( Read more: Best in Class: How Banks Are Mastering the Social Media Game)


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4 steps to establishing a flexible budget

Many banks and credit unions can already take some of the actions described below. However, Bacehowski thinks it is important that they take all measures. For example, while just about any financial institution might collect some data to inform their marketing campaigns (as shown in step two), they might undermine the entire budget by failing to get advice from the rest. of the institution, believing instead that they can rely on historical data or opinions to inform their plans.

To avoid these potential obstacles, the president of Mills Marketing has a step-by-step process that she recommends that financial marketers integrate into their existing process.

1: Identify and rank key performance indicators

To get started, every financial institution should start with these five universal mandates:

  • Growth of low-cost deposits
  • Growth of the basic relationship
  • Improved asset quality
  • Generation of non-interest income
  • Improved selling price / brand equity

These five elements are neither flashy nor unique, but Mills Marketing identifies them as essential factors that should guide all marketing campaigns. Banks and credit unions can of course add to the list or put them in a different order.

2: Collect baseline data to support decision making

“We need to be more careful with our data,” Bacehowski insists. “We need to be guided to become better, more strategic marketers. “

Data comes in many forms, and financial institutions ultimately have to decide what types of macro and micro data they want to extract. However, it must be a balanced set of data points including (but not limited to):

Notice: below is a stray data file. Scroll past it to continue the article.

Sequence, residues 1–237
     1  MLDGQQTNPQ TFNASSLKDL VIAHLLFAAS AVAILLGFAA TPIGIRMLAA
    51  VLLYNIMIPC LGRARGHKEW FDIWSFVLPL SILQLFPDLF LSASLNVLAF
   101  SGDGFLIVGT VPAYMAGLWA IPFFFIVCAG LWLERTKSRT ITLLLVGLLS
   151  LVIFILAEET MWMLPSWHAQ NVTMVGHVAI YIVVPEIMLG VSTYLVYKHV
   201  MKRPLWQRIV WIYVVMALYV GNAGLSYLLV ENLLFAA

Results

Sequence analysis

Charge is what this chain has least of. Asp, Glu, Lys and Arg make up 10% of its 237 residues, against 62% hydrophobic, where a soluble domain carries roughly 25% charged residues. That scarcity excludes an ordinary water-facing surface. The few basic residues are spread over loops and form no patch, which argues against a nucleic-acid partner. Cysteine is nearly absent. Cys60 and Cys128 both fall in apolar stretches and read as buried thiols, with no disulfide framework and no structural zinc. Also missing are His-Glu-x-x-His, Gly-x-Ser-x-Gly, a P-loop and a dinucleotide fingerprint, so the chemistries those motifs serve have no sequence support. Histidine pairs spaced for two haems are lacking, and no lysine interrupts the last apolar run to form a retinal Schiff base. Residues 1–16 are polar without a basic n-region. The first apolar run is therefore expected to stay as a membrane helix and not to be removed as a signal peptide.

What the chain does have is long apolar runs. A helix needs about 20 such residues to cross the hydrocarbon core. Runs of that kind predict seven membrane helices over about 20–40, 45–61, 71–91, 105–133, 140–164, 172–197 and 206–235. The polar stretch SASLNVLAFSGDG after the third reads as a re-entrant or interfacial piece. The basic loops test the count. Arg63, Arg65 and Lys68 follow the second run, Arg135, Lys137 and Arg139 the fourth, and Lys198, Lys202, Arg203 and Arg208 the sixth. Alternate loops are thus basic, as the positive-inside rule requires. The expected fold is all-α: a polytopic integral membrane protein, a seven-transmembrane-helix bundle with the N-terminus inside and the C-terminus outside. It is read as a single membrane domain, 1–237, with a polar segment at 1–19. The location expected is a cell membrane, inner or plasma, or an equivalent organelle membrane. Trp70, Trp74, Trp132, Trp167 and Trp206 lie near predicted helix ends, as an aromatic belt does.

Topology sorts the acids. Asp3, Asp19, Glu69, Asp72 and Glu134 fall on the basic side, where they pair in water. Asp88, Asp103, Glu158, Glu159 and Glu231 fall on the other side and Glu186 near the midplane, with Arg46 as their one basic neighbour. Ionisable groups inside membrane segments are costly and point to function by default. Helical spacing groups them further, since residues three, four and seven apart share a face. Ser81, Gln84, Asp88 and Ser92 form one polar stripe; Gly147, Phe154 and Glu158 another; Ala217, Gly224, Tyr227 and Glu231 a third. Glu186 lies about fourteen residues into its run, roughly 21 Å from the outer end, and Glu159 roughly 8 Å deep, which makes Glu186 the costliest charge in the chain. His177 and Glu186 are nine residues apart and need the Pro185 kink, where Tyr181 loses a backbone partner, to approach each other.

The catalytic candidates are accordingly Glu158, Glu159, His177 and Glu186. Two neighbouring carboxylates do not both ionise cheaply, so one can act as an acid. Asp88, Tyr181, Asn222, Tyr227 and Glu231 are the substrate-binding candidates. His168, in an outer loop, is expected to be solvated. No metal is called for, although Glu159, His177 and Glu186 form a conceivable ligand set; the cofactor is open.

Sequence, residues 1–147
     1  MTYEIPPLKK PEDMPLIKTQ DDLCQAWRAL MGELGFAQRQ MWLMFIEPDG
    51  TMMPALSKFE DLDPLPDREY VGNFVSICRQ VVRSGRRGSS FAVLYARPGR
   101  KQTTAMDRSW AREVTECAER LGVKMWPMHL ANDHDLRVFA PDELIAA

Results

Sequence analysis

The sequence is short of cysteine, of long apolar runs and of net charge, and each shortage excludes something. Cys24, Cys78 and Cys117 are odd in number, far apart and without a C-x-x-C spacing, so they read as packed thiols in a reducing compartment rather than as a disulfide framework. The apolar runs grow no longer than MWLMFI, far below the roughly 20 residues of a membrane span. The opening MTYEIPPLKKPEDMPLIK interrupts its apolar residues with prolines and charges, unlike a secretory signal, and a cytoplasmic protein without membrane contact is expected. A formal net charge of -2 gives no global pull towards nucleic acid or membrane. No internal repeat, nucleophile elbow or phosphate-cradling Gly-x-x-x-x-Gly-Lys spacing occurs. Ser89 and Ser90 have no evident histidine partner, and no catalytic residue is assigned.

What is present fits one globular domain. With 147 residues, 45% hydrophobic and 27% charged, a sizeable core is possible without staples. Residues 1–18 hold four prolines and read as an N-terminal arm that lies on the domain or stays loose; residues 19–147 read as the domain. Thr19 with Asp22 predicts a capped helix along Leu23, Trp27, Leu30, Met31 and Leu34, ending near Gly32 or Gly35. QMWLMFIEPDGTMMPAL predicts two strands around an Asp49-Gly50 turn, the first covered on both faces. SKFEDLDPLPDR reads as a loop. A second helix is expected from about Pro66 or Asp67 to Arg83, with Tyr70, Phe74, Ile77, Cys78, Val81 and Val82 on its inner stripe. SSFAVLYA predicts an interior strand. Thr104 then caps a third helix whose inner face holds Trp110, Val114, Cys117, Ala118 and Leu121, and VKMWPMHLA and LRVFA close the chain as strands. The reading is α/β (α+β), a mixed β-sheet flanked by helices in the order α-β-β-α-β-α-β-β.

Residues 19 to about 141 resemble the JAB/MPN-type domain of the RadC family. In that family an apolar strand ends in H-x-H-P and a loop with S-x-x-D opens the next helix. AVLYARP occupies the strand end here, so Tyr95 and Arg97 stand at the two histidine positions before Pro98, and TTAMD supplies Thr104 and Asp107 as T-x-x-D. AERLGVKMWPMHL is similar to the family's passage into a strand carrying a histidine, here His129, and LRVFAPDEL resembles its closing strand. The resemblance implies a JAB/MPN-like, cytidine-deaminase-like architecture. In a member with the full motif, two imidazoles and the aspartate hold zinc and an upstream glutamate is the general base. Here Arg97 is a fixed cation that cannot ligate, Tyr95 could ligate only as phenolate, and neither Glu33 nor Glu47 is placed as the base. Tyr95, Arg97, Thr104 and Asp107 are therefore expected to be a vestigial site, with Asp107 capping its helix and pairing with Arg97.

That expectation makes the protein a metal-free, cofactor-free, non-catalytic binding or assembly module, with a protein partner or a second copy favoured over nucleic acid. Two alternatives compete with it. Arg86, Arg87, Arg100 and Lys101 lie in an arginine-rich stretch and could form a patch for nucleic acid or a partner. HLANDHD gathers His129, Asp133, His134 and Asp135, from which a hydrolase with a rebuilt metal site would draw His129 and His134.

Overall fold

• Market and industry shares
  • Disruptive activity and impact
  • Profitable customer profiles
  • Product and sale trends
  • Local and merchant landscapes

( Learn more: Banks, credit unions had better focus on these big data trends)

3: Ask and align

The third step is where “the rubber meets the road” for most bank marketing teams, Bacehowski says.

“If I were to say that there was a stumbling block for a lot of our clients before we started the budgeting process, this is it,” she says. “They’re trying to create a marketing plan based on the story or a hypothesis or just a very small sample of what members of the marketing team might know to be true.”

It can be difficult and time consuming, but it is imperative to involve senior management and business leaders, interview them and ask them questions about what they think, she continues. This not only ensures that everyone is on the same page and that the needs of each department are met, but it also introduces different ideas.

“There hasn’t been a single time I’ve gone through this process where everyone finds the same answers,” Bacehowski says, “which means there’s probably some misunderstanding or misunderstanding. “

Open the discussion:

Marketers can dread bringing in senior executives, but this step in the planning process is crucial to getting budget approval.

4: Develop an effective schedule

Ultimately, once all the data is collected and the team is on board, the last thing in the planning process is to design a schedule. But, the way the schedule unfolds comes down to finding that “perfect budget,” which is a struggle, admits Bacehowski. And it comes back to that first point: Financial marketers can no longer budget based on history.

To put it in perspective, she explains that she just got a quote to have the windows in her house cleaned – and it was six pages long.

“The contractor basically said, ‘I’m going to give you everything I can do to make your house look great and you can start removing the things you don’t want. “” Bacehowski says this is how bank and credit union marketing teams should approach their budget plan.

Maybe the department won’t get approval for all of its campaigns from senior management, but it can help teams strategically plan what is needed versus what they can completely. to delete.